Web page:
We apply Theorem 1, i.e., we check that Equation (3) holds with , , and as in Equation (4) (in fact, Equation (3) holds even without assuming (13); however, Equation (13) must be required in order that be a speed function). We remark that
Equation (3) trivially holds for . The proof is divided in two parts: the proof of the upper bound,and that of the lower bound,
We start with the proof of Equation (15). For , we havesince is nondecreasing, and we obtain Equation (15) by letting n go to infinity and by taking into account Equation (14). For , we take and(possibly infinite). Recalling that is nondecreasing and that (it is a consequence of Lemma 2), we have
Using Equation (12), we conclude by letting .
The proof of Equation (16) is similar with reversed inequalities; hence, we only sketch it here. For , we haveand we obtain Equation (16) by letting n go to infinity and by taking into account (14). For , we take and, for defined as above, after some manipulations, we obtain
We conclude by letting (by Equation (12)). ☐
Remark 1 (The Poisson case; the sequence in Equation (2)).
The LDP in Theorem 2 holds also for the sequence in Equation (2) in place of the sequence in Equation (1). In this case we only need to use Condition 1 and to assume Equations (13) and (14), whereas Equations (11) and (12) (which were required in the proof of Theorem 2) can be ignored. For the proof, we still apply Theorem 1, so we have to check that Equation (3) holds with , , and Λ as in Equation (4). This can be easily checked noting thatwhere the limit relation holds by Equation (14).
The next result is for Bernoulli distributed random variables . Here we shall use the concept of exponential equivalence (see, e.g., Definition 4.2.10 in ). The proof is similar to the one of Proposition 3.5 in  (see also Remark 3.6 in the same reference). We point out that it is not unusual to prove a convergence result for Bernoulli random variables starting from a similar one for Poisson random variables and by setting for all ; see, for instance, Lemmas 1 and 2 in .
Theorem 3 (The Bernoulli case; the sequence in Equation (1)).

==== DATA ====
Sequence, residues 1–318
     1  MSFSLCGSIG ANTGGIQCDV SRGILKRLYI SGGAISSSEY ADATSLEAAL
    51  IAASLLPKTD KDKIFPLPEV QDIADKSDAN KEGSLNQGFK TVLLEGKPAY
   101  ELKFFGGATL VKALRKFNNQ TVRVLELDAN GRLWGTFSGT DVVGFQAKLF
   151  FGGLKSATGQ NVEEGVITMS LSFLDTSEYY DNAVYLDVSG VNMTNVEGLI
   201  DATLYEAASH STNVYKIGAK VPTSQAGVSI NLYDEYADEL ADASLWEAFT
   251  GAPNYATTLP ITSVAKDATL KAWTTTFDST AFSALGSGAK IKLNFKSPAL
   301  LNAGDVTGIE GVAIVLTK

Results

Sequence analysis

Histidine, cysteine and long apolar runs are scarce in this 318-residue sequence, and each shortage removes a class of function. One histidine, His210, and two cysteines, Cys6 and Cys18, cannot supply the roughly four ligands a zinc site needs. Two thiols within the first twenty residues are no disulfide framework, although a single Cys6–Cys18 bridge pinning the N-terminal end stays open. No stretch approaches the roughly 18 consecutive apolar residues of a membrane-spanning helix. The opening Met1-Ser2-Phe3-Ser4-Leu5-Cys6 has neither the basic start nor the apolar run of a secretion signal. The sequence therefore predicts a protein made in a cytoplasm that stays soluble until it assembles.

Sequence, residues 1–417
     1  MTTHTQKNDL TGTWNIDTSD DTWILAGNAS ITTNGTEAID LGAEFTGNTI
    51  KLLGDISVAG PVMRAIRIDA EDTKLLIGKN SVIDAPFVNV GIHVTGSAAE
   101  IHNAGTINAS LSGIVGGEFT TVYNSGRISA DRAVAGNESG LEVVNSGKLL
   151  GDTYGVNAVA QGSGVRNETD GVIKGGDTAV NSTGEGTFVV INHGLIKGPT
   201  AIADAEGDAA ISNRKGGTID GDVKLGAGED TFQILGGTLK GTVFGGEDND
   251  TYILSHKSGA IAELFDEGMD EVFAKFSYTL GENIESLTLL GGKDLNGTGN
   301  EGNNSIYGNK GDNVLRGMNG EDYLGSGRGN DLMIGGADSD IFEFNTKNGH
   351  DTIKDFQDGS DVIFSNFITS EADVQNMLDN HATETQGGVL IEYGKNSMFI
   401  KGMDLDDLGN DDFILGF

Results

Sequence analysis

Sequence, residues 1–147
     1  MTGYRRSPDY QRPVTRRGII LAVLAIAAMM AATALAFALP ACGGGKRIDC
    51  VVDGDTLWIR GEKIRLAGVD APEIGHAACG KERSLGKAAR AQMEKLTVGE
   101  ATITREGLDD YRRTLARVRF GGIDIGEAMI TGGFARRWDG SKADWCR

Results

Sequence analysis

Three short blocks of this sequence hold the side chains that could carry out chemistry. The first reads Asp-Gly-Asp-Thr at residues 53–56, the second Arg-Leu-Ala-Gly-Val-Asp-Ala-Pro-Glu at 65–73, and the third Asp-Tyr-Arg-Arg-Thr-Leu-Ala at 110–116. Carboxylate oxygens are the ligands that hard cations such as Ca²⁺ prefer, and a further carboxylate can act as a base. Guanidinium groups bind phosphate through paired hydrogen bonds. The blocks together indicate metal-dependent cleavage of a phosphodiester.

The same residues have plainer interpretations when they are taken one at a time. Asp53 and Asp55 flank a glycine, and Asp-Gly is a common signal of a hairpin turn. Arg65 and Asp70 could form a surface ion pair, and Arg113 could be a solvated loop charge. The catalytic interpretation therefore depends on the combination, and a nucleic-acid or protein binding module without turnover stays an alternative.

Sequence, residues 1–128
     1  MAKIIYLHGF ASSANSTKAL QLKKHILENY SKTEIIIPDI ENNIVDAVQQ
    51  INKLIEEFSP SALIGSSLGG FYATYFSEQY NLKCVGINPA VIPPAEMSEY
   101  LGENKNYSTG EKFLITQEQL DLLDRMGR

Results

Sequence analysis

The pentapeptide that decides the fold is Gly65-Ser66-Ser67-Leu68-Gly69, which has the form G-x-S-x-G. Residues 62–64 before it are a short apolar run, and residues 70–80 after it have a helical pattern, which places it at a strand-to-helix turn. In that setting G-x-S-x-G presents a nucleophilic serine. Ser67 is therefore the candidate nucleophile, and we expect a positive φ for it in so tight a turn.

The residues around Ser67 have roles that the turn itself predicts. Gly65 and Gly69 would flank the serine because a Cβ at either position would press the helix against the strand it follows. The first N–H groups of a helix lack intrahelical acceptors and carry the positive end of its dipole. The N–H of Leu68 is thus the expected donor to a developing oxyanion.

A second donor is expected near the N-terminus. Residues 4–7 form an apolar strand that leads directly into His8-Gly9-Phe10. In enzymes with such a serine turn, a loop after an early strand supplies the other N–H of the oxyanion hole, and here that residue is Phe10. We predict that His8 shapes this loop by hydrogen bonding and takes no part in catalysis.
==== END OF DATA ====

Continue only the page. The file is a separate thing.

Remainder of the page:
Let such that for all (recall that as ), and let be independent random variables such that (for all ), where for (the definition of for is arbitrary). Notice thatbecause (as ) by Equations (13) and (14) and, by the Cesaro theorem,
Hence, the assumption of Equation (14) and Theorem 2 are in force for the sequence (in fact, we have Equation (14) with in place of ) and, if we set (for all ), the sequence is indeed an instance of the sequence appearing in the statement of the present theorem since, by construction, and .
The statement will be proved by combining Theorem 4.2.13 in  and Theorem 2 (for the sequence ). This means that we have to check the exponential equivalence conditionwhere
We remark thatby the monotonicity and the nonnegativeness of ; therefore, if we combine Equation (19) and the Chernoff bound, for each arbitrarily fixed , we obtain
Moreover, if we setwe have
The proof will be complete if we show that, for all ,
In fact, by Equations (14) and (21), we deduce from Equation (20) thatand we obtain Equation (17) by letting go to infinity.
Thus, we prove Equation (21). We remark that because (as ). Hence, for all , there exists such that, for all , we have and
Moreover, (as ) by Equation (13) and
Remark 2 (The Bernoulli case; the sequence in Equation (2)).
Remark 3 (Almost sure convergence to 1 of the sequences in Theorems 2 and 3).
Let be either the sequence in Equation (1) or the sequence in Equation (2), where is as in Theorem 2 or as in Theorem 3 (so we also consider Remarks 1 and 2). Then, by a straightforward consequence of the Borel–Cantelli lemma, the sequence converges to 1 almost surely (as ) if
Obviously this condition holds if because are nonnegative random variables. On the other hand, if is not empty, is finite; moreover, because . Then, by the upper bound of the closed set, for all , there exists such that, for all , we have
Thus, again by the Borel–Cantelli lemma, converges almost surely to 1 (as ) if, for all , we have
We conclude with the results for the generalized Cramér model (the sequences in Equation (9)).
Corollary 1 (Application to the sequences in Equation (9)).
In this proof, the sequences in Equation (9) play the roles of the sequences in Equations (1) and (2) in Theorem 3 and Remark 2, respectively. Therefore, we have to check that the hypotheses of Theorem 3 are satisfied. Condition 1 and Equations (11) and (13) and can be easily checked. Moreover, one can also check Equation (12) with ; note that in this case, we have a regularly varying function with index (as ), and is eventually nondecreasing. Finally, Equation (14), which iscan be obtained as a consequence of Lemma 3; in fact, and are restrictions (on ) of slowly varying functions at infinity. ☐
In conclusion, we can say that, roughly speaking, for any Borel set A such that (where is the closure of A), the probabilities and decay exponentially as (as ). Thus, in the spirit of Tao’s remark, we are able to suggest estimations concerning a sort of “generalized” Chebychev function defined by or by . To our knowledge, such estimations are not available for .
Rita Giuliano and Claudio Macci equally contributed to the proofs of the results. The paper was also written and reviewed cooperatively.
Conflicts of Interest
The authors declare no conflict of interest.